Morgan Keegan Loses Dismissal Bid in $8 Billion Fairfax Suit

Morgan Keegan, the brokerage being sold to Raymond James Financial Corp. (RJF), lost its bid to be dismissed from an $8 billion lawsuit brought by Canadian insurer Fairfax Financial Holdings Ltd.

Fairfax, in its 2006 lawsuit, accused investors of conspiring with analysts and researchers to spread false rumors and drive down Fairfax’s stock price in a so-called bear raid.

New Jersey Superior Court Judge Stephan C. Hansbury in Morristown ruled today that there was more to the case than whether Morgan Keegan’s analyst reports were free speech protected by the U.S. Constitution’s First Amendment.

“There’s more to this case than the statements made in a couple of reports,” the judge said. “It seems to me an innocent truthful statement could be part of the conspiracy,” he said.

The suit once included as defendants the hedge funds SAC Capital Advisors LP, Third Point LLC and Kynikos Associates LP. The remaining defendants, including New York hedge fund Exis Capital Management Inc., have argued the case doesn’t have enough connection to New Jersey to allow Fairfax’s anti- racketeering counts, which allow for tripling the $8 billion in claims. Toronto-based Fairfax brought other claims in the suit.

September Trial

Hansbury said he will schedule a trial for September. Bruce Collins, a lawyer for Morgan Keegan, told the judge he will file another motion before then to get his client dismissed. Collins declined to comment on the ruling after the hearing.

Fairfax, which owns stakes in Canadian and U.S. insurers, said in its complaint that the hedge funds coordinated with stock analysts so the funds could profit through short sales, selling borrowing shares in anticipation of making money by replacing them with cheaper shares after the price dropped.

The company’s $8 billion damage claim is based on allegations that the hedge funds’ actions depressed Fairfax’s credit ratings, diminished its ability to make acquisitions and reduced the amount it could raise in debt and equity offerings, according to court papers.

On Jan. 17, Memphis, Tennessee-based Morgan Keegan asked Hansbury to dismiss it from the suit because the negative Fairfax reports by its analyst, John Gwynn, were protected speech. Collins argued Gwynn’s reports were protected opinions and that Gwynn wasn’t saying Fairfax engaged in fraud.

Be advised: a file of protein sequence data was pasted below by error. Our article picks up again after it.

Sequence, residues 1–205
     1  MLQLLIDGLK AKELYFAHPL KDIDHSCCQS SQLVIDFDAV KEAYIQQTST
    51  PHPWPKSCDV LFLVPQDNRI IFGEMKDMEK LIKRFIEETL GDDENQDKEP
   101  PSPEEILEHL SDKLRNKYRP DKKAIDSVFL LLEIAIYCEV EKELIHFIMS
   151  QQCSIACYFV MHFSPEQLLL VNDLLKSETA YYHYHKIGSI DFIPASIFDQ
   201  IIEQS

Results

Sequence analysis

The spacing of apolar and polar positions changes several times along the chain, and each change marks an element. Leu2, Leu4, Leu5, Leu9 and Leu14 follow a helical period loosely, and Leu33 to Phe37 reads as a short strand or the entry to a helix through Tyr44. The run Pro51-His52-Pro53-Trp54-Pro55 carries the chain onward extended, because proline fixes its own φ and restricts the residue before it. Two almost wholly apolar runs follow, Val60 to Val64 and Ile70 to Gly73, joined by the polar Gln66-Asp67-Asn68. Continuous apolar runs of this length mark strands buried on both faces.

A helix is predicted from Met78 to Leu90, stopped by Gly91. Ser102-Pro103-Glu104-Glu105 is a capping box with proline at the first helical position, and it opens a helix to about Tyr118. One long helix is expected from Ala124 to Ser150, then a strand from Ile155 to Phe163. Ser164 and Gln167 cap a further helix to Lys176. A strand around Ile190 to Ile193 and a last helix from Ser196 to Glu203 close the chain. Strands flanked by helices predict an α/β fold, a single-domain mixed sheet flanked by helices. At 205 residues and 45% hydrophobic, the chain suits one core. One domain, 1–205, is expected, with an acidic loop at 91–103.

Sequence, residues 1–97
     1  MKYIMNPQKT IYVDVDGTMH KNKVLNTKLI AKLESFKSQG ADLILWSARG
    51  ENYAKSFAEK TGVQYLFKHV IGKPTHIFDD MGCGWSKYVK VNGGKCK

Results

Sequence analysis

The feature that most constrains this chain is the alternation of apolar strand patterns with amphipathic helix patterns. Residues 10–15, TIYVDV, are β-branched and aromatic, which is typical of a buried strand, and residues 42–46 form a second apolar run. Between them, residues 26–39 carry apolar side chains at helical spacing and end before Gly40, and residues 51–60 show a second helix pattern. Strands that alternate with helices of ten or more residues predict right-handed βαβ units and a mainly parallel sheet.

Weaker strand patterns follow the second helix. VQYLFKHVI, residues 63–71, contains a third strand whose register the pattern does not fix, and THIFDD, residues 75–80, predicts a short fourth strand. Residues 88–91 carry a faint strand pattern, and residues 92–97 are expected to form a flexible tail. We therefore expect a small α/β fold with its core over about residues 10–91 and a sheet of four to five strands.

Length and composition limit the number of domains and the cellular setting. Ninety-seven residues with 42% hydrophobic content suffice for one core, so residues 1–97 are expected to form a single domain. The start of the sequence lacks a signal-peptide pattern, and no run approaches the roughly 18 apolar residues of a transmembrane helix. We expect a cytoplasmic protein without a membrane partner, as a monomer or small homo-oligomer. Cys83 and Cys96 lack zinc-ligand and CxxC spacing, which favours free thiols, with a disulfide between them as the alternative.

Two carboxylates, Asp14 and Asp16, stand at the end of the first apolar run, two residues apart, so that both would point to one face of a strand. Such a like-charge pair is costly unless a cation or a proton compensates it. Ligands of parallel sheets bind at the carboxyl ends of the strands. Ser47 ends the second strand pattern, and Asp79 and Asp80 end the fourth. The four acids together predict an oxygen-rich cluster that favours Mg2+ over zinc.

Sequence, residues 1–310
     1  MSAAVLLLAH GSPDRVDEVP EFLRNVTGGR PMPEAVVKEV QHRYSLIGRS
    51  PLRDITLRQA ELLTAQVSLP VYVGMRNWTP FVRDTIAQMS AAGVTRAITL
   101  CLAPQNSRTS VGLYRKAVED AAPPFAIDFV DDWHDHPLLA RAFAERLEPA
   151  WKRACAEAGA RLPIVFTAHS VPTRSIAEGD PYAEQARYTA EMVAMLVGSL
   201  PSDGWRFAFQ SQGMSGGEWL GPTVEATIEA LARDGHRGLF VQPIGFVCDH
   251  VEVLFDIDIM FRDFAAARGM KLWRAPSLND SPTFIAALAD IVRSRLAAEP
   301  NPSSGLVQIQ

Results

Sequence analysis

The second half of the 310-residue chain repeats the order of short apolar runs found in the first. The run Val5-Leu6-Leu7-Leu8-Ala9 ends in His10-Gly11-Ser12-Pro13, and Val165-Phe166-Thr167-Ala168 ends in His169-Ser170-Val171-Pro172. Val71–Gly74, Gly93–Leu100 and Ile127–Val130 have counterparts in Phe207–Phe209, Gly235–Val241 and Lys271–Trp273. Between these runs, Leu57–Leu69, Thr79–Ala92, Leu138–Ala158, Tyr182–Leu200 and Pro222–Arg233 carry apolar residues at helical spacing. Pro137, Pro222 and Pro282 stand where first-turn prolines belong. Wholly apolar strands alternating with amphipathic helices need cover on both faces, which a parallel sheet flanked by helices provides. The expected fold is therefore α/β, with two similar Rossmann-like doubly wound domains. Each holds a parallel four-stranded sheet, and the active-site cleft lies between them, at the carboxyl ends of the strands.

‘My Estimates’

“All he’s saying is, ‘I’ve got my estimates, you’ve got yours,’” Collins told Hansbury during the hearing.

Fairfax also said the hedge funds coaxed Gwynn into giving them his negative Fairfax reports before they were published. Morgan Keegan fired Gwynn in 2008 for disclosing research on Fairfax to selected clients before publication, the brokerage said at the time. He has since died.

Fairfax said Gwynn misrepresented the company’s finances in his reports, including its reserves for claims.

“Morgan Keegan was part of this conspiracy,” James Stricker, a lawyer for Fairfax, told Hansbury. “They fired John Gwynn for illegal tipping.”

Christopher Brett Lawless, a former analyst at Fitch Group Inc. who was sued by Fairfax, also lost a bid to be dismissed on First Amendment grounds.

“There’s no evidence of an actionable false statement by Lawless,” Anthony Enright, one of his lawyers, told the judge. “Lawless didn’t have one dime to gain or lose from the performance of Fairfax. He’s not a hedge fund.”

Enright didn’t immediately respond to a phone call seeking comment on the ruling.

The case is Fairfax Financial Holdings Ltd. (FFH) v. SAC Capital Management LLC, L-2032-06, Superior Court of New Jersey, Morris County (Morristown).

To contact the reporter on this story: Thom Weidlich in Brooklyn, New York, at tweidlich@bloomberg.net

To contact the editor responsible for this story: Michael Hytha at mhytha@bloomberg.net.

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